The Swan River Watershed Initiative is an informal collaboration between industry, governments, Swan River First Nation, NGO's and the Lesser Slave Watershed Council. The Swan River Watershed is part of the traditional territory of Swan River First Nation. In addition to traditional Indigenous land-based practices, it provides habitat for many species of plants and animals including Grizzly Bears and Arctic Grayling. The LSWC is supporting stewardship efforts in the Swan River watershed by industry, government and Indigenous communities.
The ongoing stewardship efforts in the Swan River watershed were recommended in the Lesser Slave Integrated Watershed Management Plan, and the LSWC is proud to support the incredible work being done there. Many people have an interest in the Swan River watershed, including communities, governments, industry, non-government agencies. The LSWC recognizes a need for focused communication and collaboration between the many stakeholders involved, and supports on-the ground work and collaboration whenever possible.
Water Quality Monitoring
|The LSWC has a water quality monitoring program on tributary rivers across the watershed. Swan River First Nation has contributed funding to support additional water quality measurements throughout the field season. Their support allows us to sample for metals across sites on the Swan River.
Culvert Crossing Remediation
|Culverts are used to cross various waterways, and hanging culverts are those that hover, or hang above a stream. To protect our aquatic ecosystems, stream crossing assessments are being undertaken in the Swan River Watershed. Hanging culverts are being identified and corrected where possible.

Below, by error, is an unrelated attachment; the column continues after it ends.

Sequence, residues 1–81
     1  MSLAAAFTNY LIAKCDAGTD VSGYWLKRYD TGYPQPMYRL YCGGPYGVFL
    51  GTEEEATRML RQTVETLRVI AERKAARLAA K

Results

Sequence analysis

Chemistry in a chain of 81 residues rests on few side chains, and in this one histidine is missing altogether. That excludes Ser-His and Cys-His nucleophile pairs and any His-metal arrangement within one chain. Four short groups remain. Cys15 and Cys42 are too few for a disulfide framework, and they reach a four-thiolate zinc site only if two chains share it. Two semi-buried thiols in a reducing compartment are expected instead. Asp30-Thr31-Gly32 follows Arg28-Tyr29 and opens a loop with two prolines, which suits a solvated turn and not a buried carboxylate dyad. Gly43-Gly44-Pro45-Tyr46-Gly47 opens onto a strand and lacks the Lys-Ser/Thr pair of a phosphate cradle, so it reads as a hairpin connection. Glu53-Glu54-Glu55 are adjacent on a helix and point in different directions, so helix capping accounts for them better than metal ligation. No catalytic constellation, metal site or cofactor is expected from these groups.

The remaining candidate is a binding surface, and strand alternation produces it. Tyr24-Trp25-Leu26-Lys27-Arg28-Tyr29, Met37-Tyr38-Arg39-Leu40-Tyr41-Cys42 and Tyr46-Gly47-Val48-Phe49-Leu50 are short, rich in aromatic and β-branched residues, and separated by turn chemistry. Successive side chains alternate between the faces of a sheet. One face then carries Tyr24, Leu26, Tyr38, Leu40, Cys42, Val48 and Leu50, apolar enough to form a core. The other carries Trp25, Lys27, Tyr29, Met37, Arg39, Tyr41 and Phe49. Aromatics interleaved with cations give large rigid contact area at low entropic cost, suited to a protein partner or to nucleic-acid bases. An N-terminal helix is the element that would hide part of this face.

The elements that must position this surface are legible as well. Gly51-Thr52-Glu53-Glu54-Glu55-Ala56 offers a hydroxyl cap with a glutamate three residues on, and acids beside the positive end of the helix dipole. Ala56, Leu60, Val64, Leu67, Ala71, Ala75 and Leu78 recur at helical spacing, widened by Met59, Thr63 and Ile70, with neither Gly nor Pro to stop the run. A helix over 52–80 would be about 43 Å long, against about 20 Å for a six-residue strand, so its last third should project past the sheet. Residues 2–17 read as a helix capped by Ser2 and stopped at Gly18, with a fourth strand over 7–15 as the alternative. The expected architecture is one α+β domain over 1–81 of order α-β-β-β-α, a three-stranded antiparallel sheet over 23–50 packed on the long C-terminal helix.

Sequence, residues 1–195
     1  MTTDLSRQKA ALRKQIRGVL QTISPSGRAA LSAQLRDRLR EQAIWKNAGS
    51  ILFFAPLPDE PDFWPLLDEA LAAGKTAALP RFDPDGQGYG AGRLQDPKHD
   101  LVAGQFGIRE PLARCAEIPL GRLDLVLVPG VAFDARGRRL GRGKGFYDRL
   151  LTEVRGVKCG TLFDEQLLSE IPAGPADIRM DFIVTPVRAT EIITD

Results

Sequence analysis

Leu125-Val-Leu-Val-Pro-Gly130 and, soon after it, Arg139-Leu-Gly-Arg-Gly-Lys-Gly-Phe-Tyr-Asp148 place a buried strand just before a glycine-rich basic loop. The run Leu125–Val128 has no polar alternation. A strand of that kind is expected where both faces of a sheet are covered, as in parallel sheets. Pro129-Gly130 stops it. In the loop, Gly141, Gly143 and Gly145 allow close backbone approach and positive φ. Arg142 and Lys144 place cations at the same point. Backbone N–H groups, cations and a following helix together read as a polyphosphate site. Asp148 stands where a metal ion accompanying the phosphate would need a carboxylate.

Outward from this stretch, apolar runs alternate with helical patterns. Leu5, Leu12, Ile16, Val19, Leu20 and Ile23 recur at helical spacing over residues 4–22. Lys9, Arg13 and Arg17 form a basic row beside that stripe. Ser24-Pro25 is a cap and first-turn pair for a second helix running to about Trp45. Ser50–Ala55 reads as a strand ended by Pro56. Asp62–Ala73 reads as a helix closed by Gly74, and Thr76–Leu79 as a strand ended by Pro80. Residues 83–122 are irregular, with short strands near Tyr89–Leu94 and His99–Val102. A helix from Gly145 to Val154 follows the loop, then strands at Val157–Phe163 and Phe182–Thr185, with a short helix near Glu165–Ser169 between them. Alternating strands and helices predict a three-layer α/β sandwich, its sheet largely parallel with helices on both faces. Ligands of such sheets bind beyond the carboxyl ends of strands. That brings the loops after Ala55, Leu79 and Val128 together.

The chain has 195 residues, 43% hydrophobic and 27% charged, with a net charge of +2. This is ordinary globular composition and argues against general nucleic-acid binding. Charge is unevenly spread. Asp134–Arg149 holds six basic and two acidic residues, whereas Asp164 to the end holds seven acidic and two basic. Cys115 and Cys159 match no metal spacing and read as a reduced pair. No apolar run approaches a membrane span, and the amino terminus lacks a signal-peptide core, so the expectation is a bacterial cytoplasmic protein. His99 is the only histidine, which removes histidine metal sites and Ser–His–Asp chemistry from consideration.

eDNA & Fish Tissue Sampling
|Swan River First Nation has begun to survey fish in the area, to monitor the health of fish populations. Their monitoring allows for both the detection of various species within the watershed and to assess the levels of potential contaminants in the fish.
Protecting Arctic Grayling Habitat
|Arctic Grayling are a species at risk in Alberta. The Lesser Slave Watershed is the southern most reach of their habitat, and they can be found in the Swan River. Protecting their habitat also means protecting community water sources, and traditional Indigenous practices on the land.
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Collaborators with the Swan River Watershed Initiative were joined by Michael Short of the Let's Go Outdoors YouTube Channel, watch this to learn more about the work being done on and around the Swan River.
Find resources and information on the health of the Swan River watershed.
This sensitive species is an indicator of overall watershed health, and in decline. Learn more about Arctic Grayling in the Swan River basin.
There are many stakeholders involved in land and watershed management. Learn more about the SWRI collaborators and partners.
In October 2020 the LSWC hosted and facilitated a 3 part online forum that brought stakeholders together to share and learn about projects and initiatives already in progress. The Swan River Watershed Initiative, born form this workshop series, aims to support collaboration and partnership.
Find resources on stream crossings, habitat stewardship, forest management, Provincial Legislation and more.